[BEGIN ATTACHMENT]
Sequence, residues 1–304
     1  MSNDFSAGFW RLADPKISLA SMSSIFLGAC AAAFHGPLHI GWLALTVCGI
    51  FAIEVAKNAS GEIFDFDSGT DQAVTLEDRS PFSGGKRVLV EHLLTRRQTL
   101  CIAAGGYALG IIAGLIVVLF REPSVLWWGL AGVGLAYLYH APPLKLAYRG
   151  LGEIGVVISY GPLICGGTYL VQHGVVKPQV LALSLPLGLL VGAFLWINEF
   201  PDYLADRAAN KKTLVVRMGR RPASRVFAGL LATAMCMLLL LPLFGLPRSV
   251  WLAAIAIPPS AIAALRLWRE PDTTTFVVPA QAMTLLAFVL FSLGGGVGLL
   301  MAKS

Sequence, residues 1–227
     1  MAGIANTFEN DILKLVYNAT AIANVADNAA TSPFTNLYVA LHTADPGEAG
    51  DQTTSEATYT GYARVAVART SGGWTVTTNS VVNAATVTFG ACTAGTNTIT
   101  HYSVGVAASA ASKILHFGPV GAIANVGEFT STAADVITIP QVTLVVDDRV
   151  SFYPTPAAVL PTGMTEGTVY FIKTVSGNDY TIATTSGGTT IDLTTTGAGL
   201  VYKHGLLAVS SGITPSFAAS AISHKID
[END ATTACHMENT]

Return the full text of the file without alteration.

Sequence, residues 1–304
     1  MSNDFSAGFW RLADPKISLA SMSSIFLGAC AAAFHGPLHI GWLALTVCGI
    51  FAIEVAKNAS GEIFDFDSGT DQAVTLEDRS PFSGGKRVLV EHLLTRRQTL
   101  CIAAGGYALG IIAGLIVVLF REPSVLWWGL AGVGLAYLYH APPLKLAYRG
   151  LGEIGVVISY GPLICGGTYL VQHGVVKPQV LALSLPLGLL VGAFLWINEF
   201  PDYLADRAAN KKTLVVRMGR RPASRVFAGL LATAMCMLLL LPLFGLPRSV
   251  WLAAIAIPPS AIAALRLWRE PDTTTFVVPA QAMTLLAFVL FSLGGGVGLL
   301  MAKS

Sequence, residues 1–227
     1  MAGIANTFEN DILKLVYNAT AIANVADNAA TSPFTNLYVA LHTADPGEAG
    51  DQTTSEATYT GYARVAVART SGGWTVTTNS VVNAATVTFG ACTAGTNTIT
   101  HYSVGVAASA ASKILHFGPV GAIANVGEFT STAADVITIP QVTLVVDDRV
   151  SFYPTPAAVL PTGMTEGTVY FIKTVSGNDY TIATTSGGTT IDLTTTGAGL
   201  VYKHGLLAVS SGITPSFAAS AISHKID